In Nepal, the second official level of education is the lower secondary level that typically begins at age 10 in the sixth grade and lasts through the eighth grade. Earlier, between 1951 and 1971, this was known as the middle level and consisted of sixth and seventh grades. The National Education Commission in 1992 defined the objective of the lower secondary level as "preparing morally and ethically upright citizens possessed of an appropriate level of knowledge in subject matters such as Nepali language, mathematics, and science ( www.wikipedia.org ).

Until 1992, the secondary level, comprised of the grades 9 and 10, was the final level of schooling in Nepal. At the end of grade 10, the Exam Controllers Office (ECO) based at Sano Thimi conducts a national level SLC examination. Since 1992, Nepal has started the higher secondary school education system consisting of the grades eleventh and twelfth. The Higher Secondary Education Board (HSEB) conducts the national examinations. The higher secondary level is available in specialized areas such as science, management, humanities, and education. The system is based on the system prevalent in India and is popularly known as the ten-plus-two system. In 2000, there were 657 higher secondary education institutions, a large number of which were based in relatively affluent urban areas and were managed by the private sector. The National Education Commission (NEC) had recommended the opening of such institutions in remote and rural areas and focusing on five areas of general, professional, technical, polytechnic, and Sanskrit education. However, these recommendations remained largely elusive as late as 2001. In 2000, there were 42,000 students enrolled at the plus-two level.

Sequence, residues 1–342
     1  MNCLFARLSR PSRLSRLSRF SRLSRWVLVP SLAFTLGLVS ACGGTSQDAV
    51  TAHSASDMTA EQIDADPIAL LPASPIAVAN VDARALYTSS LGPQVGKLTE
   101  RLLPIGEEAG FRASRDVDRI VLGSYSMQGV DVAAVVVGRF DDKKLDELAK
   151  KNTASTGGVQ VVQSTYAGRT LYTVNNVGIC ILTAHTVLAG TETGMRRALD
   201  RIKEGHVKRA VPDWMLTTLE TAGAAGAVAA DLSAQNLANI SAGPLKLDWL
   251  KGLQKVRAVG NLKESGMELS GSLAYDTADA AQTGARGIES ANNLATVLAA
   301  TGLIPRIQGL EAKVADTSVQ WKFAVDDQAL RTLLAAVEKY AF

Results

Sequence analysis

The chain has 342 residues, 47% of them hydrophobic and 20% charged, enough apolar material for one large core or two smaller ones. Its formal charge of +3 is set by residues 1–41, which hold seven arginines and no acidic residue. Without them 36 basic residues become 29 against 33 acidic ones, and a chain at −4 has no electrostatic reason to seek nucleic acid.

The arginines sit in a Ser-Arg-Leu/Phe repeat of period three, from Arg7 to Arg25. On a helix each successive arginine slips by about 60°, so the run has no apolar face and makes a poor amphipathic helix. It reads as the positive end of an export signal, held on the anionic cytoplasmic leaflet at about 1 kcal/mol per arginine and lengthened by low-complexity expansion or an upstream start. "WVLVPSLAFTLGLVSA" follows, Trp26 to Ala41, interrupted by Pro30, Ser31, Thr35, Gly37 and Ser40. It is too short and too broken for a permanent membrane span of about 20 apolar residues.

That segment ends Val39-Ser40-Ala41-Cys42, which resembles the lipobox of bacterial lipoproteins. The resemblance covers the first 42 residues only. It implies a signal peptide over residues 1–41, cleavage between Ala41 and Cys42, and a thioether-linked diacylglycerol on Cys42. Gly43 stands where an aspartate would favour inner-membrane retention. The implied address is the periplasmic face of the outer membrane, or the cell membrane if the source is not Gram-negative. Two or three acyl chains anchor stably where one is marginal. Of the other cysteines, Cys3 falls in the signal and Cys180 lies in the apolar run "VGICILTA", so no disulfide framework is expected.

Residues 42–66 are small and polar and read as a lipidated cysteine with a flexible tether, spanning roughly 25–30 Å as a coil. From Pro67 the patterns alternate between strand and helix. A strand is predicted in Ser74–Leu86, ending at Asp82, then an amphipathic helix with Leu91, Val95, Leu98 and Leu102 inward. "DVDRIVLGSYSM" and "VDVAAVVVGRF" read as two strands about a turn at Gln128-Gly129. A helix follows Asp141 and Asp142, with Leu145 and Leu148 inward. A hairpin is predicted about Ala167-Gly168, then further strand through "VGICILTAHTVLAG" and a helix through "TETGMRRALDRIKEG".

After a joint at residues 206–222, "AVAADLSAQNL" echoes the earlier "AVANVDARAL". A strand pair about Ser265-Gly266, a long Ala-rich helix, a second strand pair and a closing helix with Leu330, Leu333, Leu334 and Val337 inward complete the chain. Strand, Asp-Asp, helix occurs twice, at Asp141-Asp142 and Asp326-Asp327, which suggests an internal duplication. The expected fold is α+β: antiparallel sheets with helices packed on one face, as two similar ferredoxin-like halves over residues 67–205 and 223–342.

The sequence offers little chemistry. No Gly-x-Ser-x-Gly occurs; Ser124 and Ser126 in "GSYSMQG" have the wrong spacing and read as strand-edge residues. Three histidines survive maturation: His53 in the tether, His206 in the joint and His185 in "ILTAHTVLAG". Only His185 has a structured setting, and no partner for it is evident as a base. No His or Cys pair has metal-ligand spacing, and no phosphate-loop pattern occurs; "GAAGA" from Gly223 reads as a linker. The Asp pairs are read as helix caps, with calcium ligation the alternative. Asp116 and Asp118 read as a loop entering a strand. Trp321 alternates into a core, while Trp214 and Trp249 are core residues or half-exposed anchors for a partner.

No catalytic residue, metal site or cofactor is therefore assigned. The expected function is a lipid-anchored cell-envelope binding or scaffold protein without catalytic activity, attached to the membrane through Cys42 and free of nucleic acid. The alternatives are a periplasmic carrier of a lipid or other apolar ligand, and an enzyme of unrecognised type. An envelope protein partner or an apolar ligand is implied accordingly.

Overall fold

In the 1950s, vocational training was introduced in the lower secondary classes, and it was described as prevocational education. At the secondary level, almost 25 percent of the curriculum consisted of vocational training. In addition, a vocational branch was also introduced to facilitate secondary school graduates to directly enter into the job market after SLC. The vocational subjects included agriculture, agronomy, horticulture, poultry, animal husbandry, dairy science, fishery, industrial electrical installation, furniture and metalwork, building construction, and bamboo work. In the early 1980s, vocational education in secondary schools began to be curtailed and secondary schools were no longer viewed as terminal institutions for vocational training. In 2000, vocational instruction through secondary schools was treated as one subject with a weight of about 14 percent and minimal emphasis on skill acquisition.

Since the 1980s, the government has established technical schools in different regions of the country. Initially there were seven such technical schools, six in the public sector and one in the private sector. The courses offered at these schools were at the lower secondary (those who have completed grade one through five and are above 15 years of age) and secondary levels (those who have completed seventh grade and are over 15 years of age). The courses offered were for three years duration, followed by one year of on-the-job training.